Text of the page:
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AREL REALTY CORPORATION v. MEYERS BROS. PARKING CORP. (10/28/75)

SUPERIOR COURT OF PENNSYLVANIA


decided: October 28, 1975.

AREL REALTY CORPORATION
v.
MEYERS BROS. PARKING CORP., APPELLANT

Appeal from order of Court of Common Pleas, Trial Division, of Philadelphia, Jan. T., 1973, No. 1513, in case of Arel Realty Corporation v. Meyers Bros. Parking Corp.

COUNSEL

Alan C. Gershenson, with him Marvin Comisky, and Blank, Rome, Klaus & Comisky, for appellant.

Samuel P. Lavine, and Steinberg, Greenstein, Gorelick & Price, submitted a brief for appellee.

Watkins, P. J., Jacobs, Cercone, Price, Van der Voort, and Spaeth, JJ. (Hoffman, J., absent). Opinion by Cercone, J. Hoffman, J., did not participate in the consideration or decision of this case.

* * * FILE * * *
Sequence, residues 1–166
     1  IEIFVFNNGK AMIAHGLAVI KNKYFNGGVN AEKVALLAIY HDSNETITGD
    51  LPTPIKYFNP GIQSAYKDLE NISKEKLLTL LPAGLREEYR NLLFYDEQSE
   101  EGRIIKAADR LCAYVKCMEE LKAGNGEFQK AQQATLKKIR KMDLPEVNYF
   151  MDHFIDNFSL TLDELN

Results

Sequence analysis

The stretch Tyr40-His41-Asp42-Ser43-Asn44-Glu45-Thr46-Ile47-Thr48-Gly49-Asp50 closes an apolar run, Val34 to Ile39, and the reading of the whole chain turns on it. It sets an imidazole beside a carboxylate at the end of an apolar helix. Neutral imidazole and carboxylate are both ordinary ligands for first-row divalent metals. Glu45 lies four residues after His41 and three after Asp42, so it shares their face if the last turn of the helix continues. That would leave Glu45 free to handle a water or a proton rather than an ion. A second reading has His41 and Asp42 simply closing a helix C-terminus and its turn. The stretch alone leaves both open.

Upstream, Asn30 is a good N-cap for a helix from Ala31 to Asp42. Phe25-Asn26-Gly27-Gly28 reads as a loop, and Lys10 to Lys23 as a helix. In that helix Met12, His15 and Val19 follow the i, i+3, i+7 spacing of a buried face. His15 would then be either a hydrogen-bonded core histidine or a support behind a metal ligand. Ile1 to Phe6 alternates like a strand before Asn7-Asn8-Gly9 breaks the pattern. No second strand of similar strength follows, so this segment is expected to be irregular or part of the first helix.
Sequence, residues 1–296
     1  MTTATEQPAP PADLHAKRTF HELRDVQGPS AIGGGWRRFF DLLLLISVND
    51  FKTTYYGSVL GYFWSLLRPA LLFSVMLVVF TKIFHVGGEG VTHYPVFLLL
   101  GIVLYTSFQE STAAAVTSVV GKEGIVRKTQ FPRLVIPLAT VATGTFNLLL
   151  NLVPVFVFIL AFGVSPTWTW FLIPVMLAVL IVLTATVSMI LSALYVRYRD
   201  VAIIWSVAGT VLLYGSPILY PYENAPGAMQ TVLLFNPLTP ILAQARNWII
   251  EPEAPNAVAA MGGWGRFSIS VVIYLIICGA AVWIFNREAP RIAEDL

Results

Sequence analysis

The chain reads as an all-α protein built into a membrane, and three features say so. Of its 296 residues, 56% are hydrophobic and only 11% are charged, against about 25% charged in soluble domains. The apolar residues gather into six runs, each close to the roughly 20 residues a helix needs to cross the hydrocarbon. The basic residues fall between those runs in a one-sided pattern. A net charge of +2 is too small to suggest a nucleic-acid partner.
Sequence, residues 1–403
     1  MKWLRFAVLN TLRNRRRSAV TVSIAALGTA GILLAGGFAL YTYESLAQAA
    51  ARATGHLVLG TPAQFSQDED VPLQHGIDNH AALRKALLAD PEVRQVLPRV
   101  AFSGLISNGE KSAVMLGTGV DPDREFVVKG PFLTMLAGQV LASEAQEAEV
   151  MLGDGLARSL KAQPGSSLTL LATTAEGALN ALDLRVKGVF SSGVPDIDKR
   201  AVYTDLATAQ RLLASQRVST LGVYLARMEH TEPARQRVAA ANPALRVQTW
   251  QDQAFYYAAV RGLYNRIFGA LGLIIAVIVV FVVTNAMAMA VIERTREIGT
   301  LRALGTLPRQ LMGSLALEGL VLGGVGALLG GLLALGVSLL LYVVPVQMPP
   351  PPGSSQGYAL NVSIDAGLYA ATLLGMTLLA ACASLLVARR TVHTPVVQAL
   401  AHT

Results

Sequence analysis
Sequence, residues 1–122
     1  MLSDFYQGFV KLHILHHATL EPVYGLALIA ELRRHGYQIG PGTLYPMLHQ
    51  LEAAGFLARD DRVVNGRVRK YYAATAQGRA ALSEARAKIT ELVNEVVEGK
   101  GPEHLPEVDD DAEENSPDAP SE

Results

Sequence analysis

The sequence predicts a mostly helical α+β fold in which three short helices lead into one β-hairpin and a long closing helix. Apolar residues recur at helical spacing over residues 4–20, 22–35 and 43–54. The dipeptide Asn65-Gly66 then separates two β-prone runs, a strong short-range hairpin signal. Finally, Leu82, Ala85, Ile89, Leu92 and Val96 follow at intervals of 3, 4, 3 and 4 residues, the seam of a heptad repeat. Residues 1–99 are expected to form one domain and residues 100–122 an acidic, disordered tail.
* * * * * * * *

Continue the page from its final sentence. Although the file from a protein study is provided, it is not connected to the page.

Author: Cercone

[ 237 Pa. Super. Page 88]

This is an appeal from the order of the court below granting the plaintiff-appellee, Arel Realty Corp., a declaratory judgment. For the reasons set forth below, we reverse and remand.

On January 10, 1973, the appellee filed a petition for a declaratory judgment under the Uniform Declaratory Judgments Act.*fn1 That petition requested the court declare that, under the provisions of a long-term lease between the parties, the appellant (lessee) was not entitled to reduce the amount of its rent by taking as a credit the use or occupancy tax it paid to the School District of Philadelphia. The appellant responded on February 21, 1973, by filing preliminary objections in the nature of a demurrer and a supporting memorandum of law. On March 5, 1973, the appellee filed a memorandum of law in support of its petition for declaratory judgment. Apart from the final order from which the instant appeal was

[ 237 Pa. Super. Page 89]

    lodged, no other relevant entries appear on the lower court's docket. This fact is crucial in view of the other events that transpired.